please clarify if I am lost...lastly so you are saying the whole distributor and all that I rotated to set the timing could have moved?? b/c all that is still in the same place.
THANKS A TON..I at least feel better....
 

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Sounds to me like u just need to retard the timming and try to start.. When u drive with the timming too advanced the engine over heats and will cause the deiseling after the ignition is turned off.. Though it is possible for the timming chain to have skipped, I'd think the timming is wrong since that is something u just did.. Check human error.. then look at the mechanical.

AJ
 

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Discussion Starter · #13 ·
It tried to start the first time I tried which is also the first time today but didnt....so then, ok I retarded the timing and it still wont start..tried a couple of positions and nothing just continues to turn over and over. I checked and the dizzy rotor is moving when I try and crank it so am i correct in assuming that the timing chain is ok, or could it still be the chain?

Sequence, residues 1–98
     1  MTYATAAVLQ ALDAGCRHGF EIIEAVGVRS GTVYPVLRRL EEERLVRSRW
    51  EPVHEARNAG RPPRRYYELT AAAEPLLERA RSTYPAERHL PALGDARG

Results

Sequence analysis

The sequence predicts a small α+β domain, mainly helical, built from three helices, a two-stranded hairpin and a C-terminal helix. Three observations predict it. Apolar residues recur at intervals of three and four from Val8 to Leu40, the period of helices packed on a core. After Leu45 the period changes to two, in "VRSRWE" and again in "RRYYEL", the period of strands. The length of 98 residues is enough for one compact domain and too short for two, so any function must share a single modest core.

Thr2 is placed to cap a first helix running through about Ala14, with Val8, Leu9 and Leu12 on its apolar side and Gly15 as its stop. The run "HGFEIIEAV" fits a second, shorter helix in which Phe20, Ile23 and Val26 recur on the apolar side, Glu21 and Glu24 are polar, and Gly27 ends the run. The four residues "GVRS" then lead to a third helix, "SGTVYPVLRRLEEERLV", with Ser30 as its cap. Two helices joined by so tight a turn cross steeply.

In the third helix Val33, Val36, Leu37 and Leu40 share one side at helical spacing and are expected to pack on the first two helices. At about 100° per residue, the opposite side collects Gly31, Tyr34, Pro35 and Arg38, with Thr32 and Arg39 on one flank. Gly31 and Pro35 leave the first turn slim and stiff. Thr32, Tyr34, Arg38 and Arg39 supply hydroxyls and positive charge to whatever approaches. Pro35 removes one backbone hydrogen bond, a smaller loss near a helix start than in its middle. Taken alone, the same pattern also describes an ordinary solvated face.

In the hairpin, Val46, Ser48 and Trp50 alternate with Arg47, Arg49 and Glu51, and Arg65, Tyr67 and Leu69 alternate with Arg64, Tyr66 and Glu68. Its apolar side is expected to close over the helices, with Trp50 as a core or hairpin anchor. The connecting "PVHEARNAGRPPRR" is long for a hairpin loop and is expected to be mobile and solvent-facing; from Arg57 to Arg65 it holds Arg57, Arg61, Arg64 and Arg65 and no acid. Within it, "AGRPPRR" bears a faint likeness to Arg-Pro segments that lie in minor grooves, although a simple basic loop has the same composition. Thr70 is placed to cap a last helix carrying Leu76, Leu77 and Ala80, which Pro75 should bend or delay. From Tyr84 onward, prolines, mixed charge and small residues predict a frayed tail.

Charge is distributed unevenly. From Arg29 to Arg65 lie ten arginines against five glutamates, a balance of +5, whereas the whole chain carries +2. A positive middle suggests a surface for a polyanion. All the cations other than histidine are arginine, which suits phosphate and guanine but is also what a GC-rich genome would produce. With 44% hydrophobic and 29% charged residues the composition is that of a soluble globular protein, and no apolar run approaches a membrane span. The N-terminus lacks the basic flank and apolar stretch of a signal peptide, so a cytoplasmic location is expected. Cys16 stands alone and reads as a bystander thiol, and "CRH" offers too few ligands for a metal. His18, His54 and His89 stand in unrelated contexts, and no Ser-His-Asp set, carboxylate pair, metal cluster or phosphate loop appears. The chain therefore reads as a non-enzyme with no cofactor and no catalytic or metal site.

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By that I meant that you should remove the number 1 spark plug (front one on the passenger side). Bump over the starter until air is pushed past your finger. This is the beginning of the compression stroke on the cylinder. When the air starts to escape, the timing mark should be pretty close to the TDC mark on the balancer. Bump it a little closer to line up the timing mark with TDC. When this happens, the distributor rotor should be positioned just before the #1 terminal in the cap. If the relative position of all of this stuff is in line, the timing chain is probably ok. Verify spark. Hook your timing light to the #1 wire and crank the engine and you should get an impulse to trigger the light. If not, you have no spark and are chasing the wrong rabbit! Good luck and keep us posted.